When an ambitious camping trip turns into an annual creative retreat for photographers.
This annual creative retreat for a curated group of young photographers that has garnered millions of followers since I started it in 2009. The event has been free of charge for the talented folks selected thanks to repeated corporate sponsorship. The tight-knit community that has come from this event series is something I'm very proud of.
What started as just a photo-geek camping trip with dozens of talented strangers at a California state park has turned into something of a photo cult. When I published the photos and the story of the first weekend, folks took notice. Since then, we’ve done a total of four Phoot Camps, at different locations all over the US, with campers from all over the world.
Beyond the antics and photo fun, what has kept me going is the friendship that has come out of Phoot Camp. There is little I enjoy more than connecting people through shared passions.
“Described by some as the best photo workshop ever, Phoot Camp is an invite-only creative retreat hosted by Laura Brunow Miner, founder of Pictory and former editor-in-chief of JPG Magazine.”
Every story starts somewhere. This one starts with the economic crash of ’08. Shortly after that fateful market collapse, I lost my job as editor-in-chief of JPG Magazine when the publication lost its funding. I did a lot of casting around the following year, trying to figure out what was next. One day I was tuning up a blog interview with Paul Octavious when I realized he wore the same green sneakers as another old favorite JPG contributor, Steph Goralnick. They told the same kinds of stories about learning to shoot in graphic design school, too. They needed to meet. They all did. So I contacted any of the JPG contributors who seemed potentially game for something as silly as a photographer’s weekend in the woods, and boom. We were off.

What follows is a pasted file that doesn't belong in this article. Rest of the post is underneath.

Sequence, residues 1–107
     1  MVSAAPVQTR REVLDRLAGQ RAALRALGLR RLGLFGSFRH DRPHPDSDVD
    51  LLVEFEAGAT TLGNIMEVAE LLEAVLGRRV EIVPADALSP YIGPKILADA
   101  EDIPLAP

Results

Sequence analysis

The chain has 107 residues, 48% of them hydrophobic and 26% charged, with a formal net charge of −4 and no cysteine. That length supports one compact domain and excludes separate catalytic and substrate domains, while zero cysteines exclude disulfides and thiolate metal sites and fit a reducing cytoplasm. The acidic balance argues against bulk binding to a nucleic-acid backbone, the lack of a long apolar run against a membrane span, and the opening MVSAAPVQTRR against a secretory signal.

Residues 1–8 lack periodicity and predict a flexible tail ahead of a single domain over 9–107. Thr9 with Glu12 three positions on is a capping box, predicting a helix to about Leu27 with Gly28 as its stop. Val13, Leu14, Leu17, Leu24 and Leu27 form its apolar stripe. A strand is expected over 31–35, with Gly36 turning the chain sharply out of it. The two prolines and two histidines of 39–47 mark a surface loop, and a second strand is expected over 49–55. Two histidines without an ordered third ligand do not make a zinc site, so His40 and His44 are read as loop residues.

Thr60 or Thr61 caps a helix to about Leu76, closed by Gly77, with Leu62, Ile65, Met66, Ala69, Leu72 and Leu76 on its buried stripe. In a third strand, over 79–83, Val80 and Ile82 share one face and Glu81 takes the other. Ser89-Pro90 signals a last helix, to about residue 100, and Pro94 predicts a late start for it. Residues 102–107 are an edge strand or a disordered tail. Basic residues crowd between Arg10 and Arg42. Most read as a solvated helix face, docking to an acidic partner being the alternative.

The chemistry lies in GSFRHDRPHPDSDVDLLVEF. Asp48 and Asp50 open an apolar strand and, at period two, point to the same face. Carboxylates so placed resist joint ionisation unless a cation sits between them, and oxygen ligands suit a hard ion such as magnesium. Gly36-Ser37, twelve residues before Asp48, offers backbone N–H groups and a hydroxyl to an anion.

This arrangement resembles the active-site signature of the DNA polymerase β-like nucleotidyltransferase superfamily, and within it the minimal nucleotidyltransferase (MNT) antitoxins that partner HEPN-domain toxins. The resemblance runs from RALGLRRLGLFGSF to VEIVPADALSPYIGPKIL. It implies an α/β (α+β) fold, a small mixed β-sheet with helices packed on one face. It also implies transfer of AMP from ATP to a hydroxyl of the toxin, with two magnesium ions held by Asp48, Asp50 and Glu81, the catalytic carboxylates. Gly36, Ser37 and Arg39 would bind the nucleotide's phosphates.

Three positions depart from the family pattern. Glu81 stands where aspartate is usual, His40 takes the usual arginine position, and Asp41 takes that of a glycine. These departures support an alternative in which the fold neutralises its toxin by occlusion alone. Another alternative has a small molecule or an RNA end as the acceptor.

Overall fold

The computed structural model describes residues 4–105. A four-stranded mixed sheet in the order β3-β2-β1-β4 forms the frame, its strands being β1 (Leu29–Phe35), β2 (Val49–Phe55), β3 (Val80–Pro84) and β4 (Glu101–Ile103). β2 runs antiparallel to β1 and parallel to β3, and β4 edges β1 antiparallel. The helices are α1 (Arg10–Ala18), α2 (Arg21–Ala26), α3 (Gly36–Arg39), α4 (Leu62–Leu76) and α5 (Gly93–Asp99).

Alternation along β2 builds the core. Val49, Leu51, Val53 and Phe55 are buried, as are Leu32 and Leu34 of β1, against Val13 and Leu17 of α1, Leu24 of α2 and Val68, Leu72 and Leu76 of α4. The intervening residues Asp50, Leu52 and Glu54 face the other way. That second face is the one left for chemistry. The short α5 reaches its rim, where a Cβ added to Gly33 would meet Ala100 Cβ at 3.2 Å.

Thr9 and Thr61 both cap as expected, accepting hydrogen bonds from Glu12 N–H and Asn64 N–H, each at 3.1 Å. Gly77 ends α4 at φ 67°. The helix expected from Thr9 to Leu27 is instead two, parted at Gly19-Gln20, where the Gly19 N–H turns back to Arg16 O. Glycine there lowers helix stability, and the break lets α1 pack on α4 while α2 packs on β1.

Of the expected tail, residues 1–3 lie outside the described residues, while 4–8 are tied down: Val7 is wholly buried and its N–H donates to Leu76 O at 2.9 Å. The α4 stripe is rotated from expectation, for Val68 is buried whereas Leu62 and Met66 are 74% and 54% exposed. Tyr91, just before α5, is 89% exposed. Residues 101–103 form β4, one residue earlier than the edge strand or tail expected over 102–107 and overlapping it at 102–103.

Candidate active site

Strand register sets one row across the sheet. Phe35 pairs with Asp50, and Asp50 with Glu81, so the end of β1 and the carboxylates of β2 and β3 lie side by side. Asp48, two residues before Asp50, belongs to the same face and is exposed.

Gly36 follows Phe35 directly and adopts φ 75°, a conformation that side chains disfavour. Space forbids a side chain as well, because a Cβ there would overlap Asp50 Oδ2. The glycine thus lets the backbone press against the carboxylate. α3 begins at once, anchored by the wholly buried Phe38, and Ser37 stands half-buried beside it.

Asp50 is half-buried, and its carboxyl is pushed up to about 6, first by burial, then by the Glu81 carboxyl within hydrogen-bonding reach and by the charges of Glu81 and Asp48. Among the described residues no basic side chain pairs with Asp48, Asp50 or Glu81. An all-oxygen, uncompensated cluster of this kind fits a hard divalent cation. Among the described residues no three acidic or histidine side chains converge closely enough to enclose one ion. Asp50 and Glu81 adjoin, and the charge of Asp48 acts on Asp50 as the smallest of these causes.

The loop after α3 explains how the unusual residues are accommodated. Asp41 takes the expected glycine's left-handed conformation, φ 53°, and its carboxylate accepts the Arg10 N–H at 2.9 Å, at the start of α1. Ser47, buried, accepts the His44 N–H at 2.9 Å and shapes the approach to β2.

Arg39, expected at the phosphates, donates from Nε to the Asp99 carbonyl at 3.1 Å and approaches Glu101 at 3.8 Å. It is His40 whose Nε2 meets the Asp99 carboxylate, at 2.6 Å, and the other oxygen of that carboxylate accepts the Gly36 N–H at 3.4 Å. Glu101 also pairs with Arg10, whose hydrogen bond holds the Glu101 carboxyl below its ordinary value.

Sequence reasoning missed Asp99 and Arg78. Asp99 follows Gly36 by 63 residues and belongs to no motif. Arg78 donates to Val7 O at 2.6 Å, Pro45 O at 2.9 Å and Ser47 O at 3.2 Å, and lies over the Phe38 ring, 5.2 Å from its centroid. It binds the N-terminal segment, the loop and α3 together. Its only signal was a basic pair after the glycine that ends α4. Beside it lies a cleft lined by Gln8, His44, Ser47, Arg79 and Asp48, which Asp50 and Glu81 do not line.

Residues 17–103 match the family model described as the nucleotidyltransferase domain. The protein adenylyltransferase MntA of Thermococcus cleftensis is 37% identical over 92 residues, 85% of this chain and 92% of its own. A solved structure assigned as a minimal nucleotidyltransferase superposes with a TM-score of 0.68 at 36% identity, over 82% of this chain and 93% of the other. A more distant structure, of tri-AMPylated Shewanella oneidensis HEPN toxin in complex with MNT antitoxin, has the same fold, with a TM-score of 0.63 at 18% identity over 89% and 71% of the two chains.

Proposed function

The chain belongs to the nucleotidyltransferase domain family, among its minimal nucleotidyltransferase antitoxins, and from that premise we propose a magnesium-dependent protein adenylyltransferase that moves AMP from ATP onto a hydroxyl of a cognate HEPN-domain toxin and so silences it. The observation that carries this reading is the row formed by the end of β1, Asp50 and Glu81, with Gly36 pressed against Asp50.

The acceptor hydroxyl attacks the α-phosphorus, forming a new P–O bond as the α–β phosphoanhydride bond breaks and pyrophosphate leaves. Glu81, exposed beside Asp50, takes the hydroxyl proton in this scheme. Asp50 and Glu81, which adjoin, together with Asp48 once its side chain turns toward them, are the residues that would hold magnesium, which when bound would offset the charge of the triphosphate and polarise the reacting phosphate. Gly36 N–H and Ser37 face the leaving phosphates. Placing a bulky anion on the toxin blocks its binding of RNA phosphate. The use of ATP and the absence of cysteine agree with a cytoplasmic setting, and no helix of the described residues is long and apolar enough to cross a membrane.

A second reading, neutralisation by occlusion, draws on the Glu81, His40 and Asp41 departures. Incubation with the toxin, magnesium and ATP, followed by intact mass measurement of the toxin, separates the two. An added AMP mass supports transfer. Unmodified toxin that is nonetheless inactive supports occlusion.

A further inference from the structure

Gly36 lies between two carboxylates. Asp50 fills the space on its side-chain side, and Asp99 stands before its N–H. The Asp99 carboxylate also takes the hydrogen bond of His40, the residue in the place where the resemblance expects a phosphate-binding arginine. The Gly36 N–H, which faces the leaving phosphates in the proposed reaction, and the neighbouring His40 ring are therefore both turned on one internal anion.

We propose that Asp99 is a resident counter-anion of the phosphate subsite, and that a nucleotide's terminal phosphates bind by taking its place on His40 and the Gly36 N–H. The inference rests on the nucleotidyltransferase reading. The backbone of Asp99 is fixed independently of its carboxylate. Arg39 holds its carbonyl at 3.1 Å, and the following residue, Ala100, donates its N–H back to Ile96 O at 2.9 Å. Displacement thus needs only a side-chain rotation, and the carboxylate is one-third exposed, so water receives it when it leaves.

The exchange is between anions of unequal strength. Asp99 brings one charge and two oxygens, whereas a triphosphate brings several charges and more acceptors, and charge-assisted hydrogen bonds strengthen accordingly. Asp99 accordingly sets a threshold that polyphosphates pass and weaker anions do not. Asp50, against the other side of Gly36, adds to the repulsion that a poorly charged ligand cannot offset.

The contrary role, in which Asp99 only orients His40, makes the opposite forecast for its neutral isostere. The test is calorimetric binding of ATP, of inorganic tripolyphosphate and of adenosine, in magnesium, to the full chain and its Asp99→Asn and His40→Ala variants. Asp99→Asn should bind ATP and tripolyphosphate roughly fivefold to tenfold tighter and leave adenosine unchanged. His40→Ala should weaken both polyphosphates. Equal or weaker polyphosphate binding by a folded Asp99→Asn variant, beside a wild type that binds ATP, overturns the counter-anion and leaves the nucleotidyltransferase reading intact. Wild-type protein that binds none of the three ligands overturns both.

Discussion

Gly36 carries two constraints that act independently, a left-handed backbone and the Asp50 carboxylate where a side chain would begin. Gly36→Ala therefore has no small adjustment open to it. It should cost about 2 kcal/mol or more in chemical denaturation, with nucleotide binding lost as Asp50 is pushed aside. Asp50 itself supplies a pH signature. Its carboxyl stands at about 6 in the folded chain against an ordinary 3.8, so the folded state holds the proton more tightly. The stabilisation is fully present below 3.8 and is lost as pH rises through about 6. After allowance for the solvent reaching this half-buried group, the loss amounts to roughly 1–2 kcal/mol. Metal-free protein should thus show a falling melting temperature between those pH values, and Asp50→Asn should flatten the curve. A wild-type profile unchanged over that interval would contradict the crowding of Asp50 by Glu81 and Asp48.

I’d be lying if I said it was easy. We had a lot of fun with portraits and photo scavenger hunts and s’mores making that weekend, but it definitely started off a little awkward. Yet, we each saw what we had in common (the joy of photography and friendship) and could tell it would all be well worth it in the long run.
It’s funny to think back to those humble beginnings, sharing Costco hot dogs and nervously drinking Tecate around the fire. In the years since, we’ve slowly becoming something of a photo cult. I’m consistently humbled by the way this group supports each other professionally, personally, and creatively through ups and downs.
Phoot Camp has been featured in Dwell, Design Sponge, Good, American Photo, the Etsy blog, the 20x200 blog, and many other publications. At last count, the group cumulatively had 2.5 million Instagram followers, and the Phoot Camp accounts on Tumblr and Twitter had 600,000 and 200,000 followers respectively.
Learn more at phootcamp.com.
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Next, read about a retreat for leaders in the food community I co-founded.